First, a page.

This is clip, Billy Collins recite his own poem, which may sound dull and monotonic at first, but later display its humor through the words of the poem. (Skip to 0:50)
Collin’s simplistic style is inherent in the poem, “The Lanyard”, in which he combines humor and a slice of life moment into a wistful and nostalgic fusion. His juxtaposition of a lanyard, a seemingly pointless gift with no purpose, to the gift of life given by his mother, portrays the complexity of a mother’s unconditional love for her children. Billy Collins’ simple syntax and diction makes it easier for the reader to grasp the underlying meaning of his poem. So, rather than using complicated vocabulary and confusing structure, Collins directly communicates to the readers without needing to make the reader read the poem over and over again. Therefore, he universalizes the concept of a mother’s unconditional love through this simple anecdote of a child making a lanyard “with a little help from a counselor” for his mom.
The other day I was ricocheting slowly
off the blue walls of this room,
moving as if underwater from typewriter to piano,
from bookshelf to an envelope lying on the floor,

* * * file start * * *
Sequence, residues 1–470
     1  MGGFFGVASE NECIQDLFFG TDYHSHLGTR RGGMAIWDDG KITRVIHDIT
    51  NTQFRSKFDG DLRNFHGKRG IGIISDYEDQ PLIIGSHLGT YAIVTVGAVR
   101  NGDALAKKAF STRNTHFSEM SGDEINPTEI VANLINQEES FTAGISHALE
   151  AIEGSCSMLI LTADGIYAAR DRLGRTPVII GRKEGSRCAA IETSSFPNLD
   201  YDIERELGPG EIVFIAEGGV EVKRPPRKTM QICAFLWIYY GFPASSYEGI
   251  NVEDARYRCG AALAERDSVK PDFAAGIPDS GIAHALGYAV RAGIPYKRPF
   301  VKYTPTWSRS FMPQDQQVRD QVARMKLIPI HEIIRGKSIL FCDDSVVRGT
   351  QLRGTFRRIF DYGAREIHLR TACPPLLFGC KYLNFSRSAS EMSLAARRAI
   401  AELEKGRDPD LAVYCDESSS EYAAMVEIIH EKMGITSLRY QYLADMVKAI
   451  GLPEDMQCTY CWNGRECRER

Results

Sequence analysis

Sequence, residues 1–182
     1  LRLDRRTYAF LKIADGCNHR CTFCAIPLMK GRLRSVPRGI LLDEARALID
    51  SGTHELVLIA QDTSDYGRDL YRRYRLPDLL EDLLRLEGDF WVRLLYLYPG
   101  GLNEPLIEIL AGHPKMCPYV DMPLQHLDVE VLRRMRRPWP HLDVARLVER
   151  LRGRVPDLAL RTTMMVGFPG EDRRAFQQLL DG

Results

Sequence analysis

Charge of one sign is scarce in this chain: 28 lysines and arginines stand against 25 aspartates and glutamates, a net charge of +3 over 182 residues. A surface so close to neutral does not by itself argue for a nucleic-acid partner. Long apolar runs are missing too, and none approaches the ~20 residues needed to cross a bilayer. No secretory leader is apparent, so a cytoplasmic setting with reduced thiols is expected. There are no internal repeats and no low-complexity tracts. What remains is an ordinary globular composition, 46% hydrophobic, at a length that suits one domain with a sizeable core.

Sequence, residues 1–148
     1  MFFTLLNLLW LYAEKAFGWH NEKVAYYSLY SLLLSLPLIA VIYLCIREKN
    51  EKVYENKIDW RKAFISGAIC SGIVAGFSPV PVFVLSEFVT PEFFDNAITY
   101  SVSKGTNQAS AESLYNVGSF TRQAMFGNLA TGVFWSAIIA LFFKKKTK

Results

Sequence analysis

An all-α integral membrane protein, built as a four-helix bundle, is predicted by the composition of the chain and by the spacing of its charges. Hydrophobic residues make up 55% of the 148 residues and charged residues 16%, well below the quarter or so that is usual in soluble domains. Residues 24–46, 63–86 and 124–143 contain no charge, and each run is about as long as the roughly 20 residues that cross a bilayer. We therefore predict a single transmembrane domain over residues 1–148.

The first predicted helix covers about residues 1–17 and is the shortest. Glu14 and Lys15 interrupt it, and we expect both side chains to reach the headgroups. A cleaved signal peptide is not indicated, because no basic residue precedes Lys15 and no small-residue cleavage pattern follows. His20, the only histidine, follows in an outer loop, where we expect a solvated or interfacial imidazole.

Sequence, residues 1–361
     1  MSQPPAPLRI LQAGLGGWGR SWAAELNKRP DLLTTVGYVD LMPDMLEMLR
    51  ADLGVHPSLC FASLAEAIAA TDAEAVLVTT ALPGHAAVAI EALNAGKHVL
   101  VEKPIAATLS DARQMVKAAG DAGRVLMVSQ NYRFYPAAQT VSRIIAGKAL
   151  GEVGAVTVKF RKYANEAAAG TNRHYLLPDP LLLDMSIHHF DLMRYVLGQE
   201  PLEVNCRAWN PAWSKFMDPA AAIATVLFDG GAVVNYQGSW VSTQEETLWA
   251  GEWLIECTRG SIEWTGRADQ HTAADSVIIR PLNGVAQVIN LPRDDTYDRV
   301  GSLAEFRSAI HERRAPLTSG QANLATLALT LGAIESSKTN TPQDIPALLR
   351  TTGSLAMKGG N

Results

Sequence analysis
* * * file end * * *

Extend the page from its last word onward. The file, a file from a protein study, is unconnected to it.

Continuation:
when I found myself in the L section of the dictionary
where my eyes fell upon the word lanyard.
No cookie nibbled by a French novelist
could send one into the past more suddenly—
a past where I sat at a workbench at a camp
by a deep Adirondack lake
learning how to braid long thin plastic strips
into a lanyard, a gift for my mother.
I had never seen anyone use a lanyard
or wear one, if that’s what you did with them,
but that did not keep me from crossing
strand over strand again and again
until I had made a boxy
red and white lanyard for my mother.
She gave me life and milk from her breasts,
and I gave her a lanyard.
She nursed me in many a sick room,
lifted spoons of medicine to my lips,
laid cold face-cloths on my forehead,
and then led me out into the airy light
and taught me to walk and swim,
and I, in turn, presented her with a lanyard.
Here are thousands of meals, she said,
and here is clothing and a good education.
And here is your lanyard, I replied,
which I made with a little help from a counselor.
Here is a breathing body and a beating heart,
strong legs, bones and teeth,
and two clear eyes to read the world, she whispered,
and here, I said, is the lanyard I made at camp.
And here, I wish to say to her now,
is a smaller gift—not the worn truth
that you can never repay your mother,
but the rueful admission that when she took
the two-tone lanyard from my hand,
I was as sure as a boy could be
that this useless, worthless thing I wove
out of boredom would be enough to make us even.